A broken leg is to what my wife had just said as a firecracker is to an H-bomb. I know some docs have reputations for being clueless, but still....

johngoldfine said...

All I remember of Uncle Sidney is his hands in his lap fondling the heads of his two boxers. And all I remember of those boxers is their dreadful bobbed tails wagging in my five or six year old face as Sidney fondled those undershot jaws.

To my mother, those dogs were a source of amusement and contempt. Uncle Sidney and Aunt Shirley had no children, you see, and it was understood that they pathetically made up for that oddness and their loneliness by breeding dogs. Real people, complete people, bred children and therefore lived full, rich lives.

My mother made that so clear to me that even today, nearly sixty years since I last saw Shirley and Sidney, a day does not pass without me wondering aloud to my wife as I fondle a head or work a new trick: "Is it okay to love my dogs so much?"

I'm laughing as I ask, laughing that my mother (who hated dogs) should have gotten so far into my mind that I still half-doubt that it's okay to love dogs, laughing that a memory of two boxers' butts nearly 60 years old and completely inconsequential still lives so brightly in my mind.

L-girl said...

Well John, thanks for sharing that with this bunch of strangers. ;)

It's a great illustration of how our upbringing "gets in our heads" and won't get out.

I'm sorry about whatever it is your wife said, too. Clueless git of a doctor. You'd think it would be part of their job to keep their stupid-hats off.

(And it can never be wrong to love our dogs as much as we do. Which I know you know.)

Amy said...

The stupidest thing I ever heard someone say to a mourner was when a close friend of my mother said to her at my grandmother's funeral (my mother's mother, that is), "Well, you must be happy that you don't have that burden any more." It was true that my grandmother was not an easy person, but my mother still loved her, still mourned her death, and never quite was as close to that friend again. Talk about a stupid hat!

L-girl said...

Wow, saying that at a funeral! Yeesh.

On the other hand, when my father died, only my closest friends knew, and they all acknowledged that I would no longer have that burden in my life. I purposely didn't tell anyone else so I wouldn't have to hear inappropriate comments about my loss - the kind that are usually appropriate! :)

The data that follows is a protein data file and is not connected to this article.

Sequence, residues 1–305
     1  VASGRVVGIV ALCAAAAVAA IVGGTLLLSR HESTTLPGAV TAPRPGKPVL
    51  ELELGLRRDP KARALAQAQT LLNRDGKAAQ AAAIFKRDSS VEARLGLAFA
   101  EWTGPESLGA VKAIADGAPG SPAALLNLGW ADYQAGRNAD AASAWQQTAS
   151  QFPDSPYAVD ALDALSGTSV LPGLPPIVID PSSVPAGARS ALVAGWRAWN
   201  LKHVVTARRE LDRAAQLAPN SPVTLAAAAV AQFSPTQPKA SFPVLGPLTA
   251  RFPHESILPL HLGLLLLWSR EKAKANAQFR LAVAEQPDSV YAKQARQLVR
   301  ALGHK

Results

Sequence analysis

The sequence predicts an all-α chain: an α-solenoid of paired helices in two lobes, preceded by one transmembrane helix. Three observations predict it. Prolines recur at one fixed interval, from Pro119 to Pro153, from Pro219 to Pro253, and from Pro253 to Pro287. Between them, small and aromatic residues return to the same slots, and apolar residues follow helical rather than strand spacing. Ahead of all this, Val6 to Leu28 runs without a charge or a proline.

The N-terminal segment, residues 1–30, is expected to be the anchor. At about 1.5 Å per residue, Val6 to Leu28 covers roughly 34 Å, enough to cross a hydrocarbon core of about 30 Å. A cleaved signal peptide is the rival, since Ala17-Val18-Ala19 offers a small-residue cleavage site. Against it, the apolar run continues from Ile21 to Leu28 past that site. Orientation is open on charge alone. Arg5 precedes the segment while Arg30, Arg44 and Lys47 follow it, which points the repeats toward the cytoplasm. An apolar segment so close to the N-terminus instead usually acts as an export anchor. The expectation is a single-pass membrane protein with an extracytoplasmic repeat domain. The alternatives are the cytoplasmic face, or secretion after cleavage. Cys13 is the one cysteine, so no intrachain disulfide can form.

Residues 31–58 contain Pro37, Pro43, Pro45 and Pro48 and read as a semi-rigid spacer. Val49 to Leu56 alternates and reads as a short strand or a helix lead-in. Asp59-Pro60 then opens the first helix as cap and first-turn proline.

Amy said...

My mother's relationship with her mother was difficult and complicated, but from what you have said about your father, not at the same level. I am sure that my mother did feel relieved, but mostly felt very sad for her mother's hard life and probably somewhat guilty for not being able to make her happier. But whatever she felt, the friend's comment was, to say the least, not helpful.

I never know what to say, except to say, as you suggested, "I am so sorry for your loss." The other thing I often write in cards is, "I hope you can find comfort in your memories." Not sure that is always helpful or appropriate, but hopefully for most people, it is comforting to have memories that live on after the person has died.

johngoldfine said...

People want to cast in a moral light situations that don't really lend themselves to judgment to reassure themselves about their own health and completeness and safety. That makes them stupid.

Whenever my wife mentioned her mother's death of lung cancer, the first question most people asked was: 'Did she smoke?' The clear message was that if she smoked, no one really need feel much regret at her death since she brought it on herself. And, of course, my wife's fury was compounded by the fact that her mother had never had a puff of anything stronger than mountain air her whole life.

Similarly, I knew someone whose arm was broken by a fall from a horse, and the question kept being asked, 'Was she wearing a helmet?' If she was, she deserved sympathy. If she wasn't, she could be ignored and dismissed as a risk-taker who got what she deserved.

Not that wearing a helmet has ANYTHING to do with avoiding a broken arm!!!

L-girl said...

John, I completely agree with you, but I also add one note here. I think "Did she smoke?" is also that person asking for reassurance that lung cancer won't happen to her.

When I was in university, a student was raped (a stranger attack) in her own door room. People asked "Did she leave her door unlocked?" Quite unbelievable, off-the-charts insensitivity.

Some years later when I did anti-rape work - years after I had heard similar questions about my own assault - I gained some insight. Implicit in that "Did she leave her door unlocked?" is "Can I avoid that? If I lock my door, it won't happen to me, right?"

Because the randomness of cancer, riding accidents and rape is too frightening. It's more comforting to assign blame to the victim.

This is not to excuse it because I don't. It's inexcuseable. But knowing what might lie beneath the stupidity helps me deal with it.

johngoldfine said...

I fell off my new horse today, silly riding accident, stirrup suddenly caught on a snag of a stump. Whomp! On the ground, one second flat.

I was fine, just my pride bruised.

And, no, I wasn't wearing a helmet.


I do understand the fear of the unknown and terror of death underlying the 'did she smoke' question and I'm not unsympathetic to the fear and terror, just the stupidity, especially where it tends into cruelty.

Here's another angle. People's fear leads them to embrace crap science. Things like a cancer-prone personality, or abortions causing breast cancer, or the value of high colonic enemas in preventing colon cancer, etc. Every fear has a thousand corresponding myths, misunderstandings, confusions of cause and correlation, clingings to outmoded studies, and so on.

L-girl said...

Here's another angle. People's fear leads them to embrace crap science.

Yup! So true. People also embrace junk science and junk theory to excuse bad behaviour and absolve them of the need to change. Like imagining men and women are from two different planets, destined to make war or love, respectively. God I hate that shit.